Question: As a restaurant manager, what items do you look at when tasked with reducing the cost of operating a property?
Explanation: This is an operational question. Operational questions seek to understand how you go about doing this job. The best way to answer operational questions is directly and briefly. The interviewer will ask a follow-up question if they need additional information.
Example: “In my role as a restaurant manager, I am always looking to maximize profits without reducing the quality of the service and the experience the guests enjoy. I closely monitor every cost item when running a restaurant, but I tend to focus on two specific areas. These include labor costs and the cost of the food items. Labor costs can be reduced by limiting the amount of overtime paid. Food costs can be lowered through effective negotiations with the vendors, buying in bulk, and replacing costlier ingredients with less expensive ones of similar quality.”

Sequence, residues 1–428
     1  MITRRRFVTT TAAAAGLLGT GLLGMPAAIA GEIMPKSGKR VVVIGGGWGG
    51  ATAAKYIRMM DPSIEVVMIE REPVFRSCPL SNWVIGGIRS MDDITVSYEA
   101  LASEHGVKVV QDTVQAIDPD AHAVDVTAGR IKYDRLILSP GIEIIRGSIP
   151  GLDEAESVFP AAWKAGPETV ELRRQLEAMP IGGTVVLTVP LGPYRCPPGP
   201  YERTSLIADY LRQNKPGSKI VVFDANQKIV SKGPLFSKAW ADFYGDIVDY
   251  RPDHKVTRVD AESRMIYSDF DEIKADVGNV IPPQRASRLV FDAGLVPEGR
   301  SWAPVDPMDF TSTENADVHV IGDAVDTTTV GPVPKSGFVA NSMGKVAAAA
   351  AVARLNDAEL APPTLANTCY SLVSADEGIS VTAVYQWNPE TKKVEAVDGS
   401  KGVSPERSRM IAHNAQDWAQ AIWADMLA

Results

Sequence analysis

Question: Have you ever had to fire or discipline a staff member who violated the rules of the restaurant? If so, how did it turn out?
Explanation: This is another operational question. When you interview for a job as a restaurant manager, you can anticipate that most of the questions will be either operational or behavioral. Make sure you keep your answers brief and to the point, allowing the interviewer to ask follow-up questions if they want to explore the topic in more detail.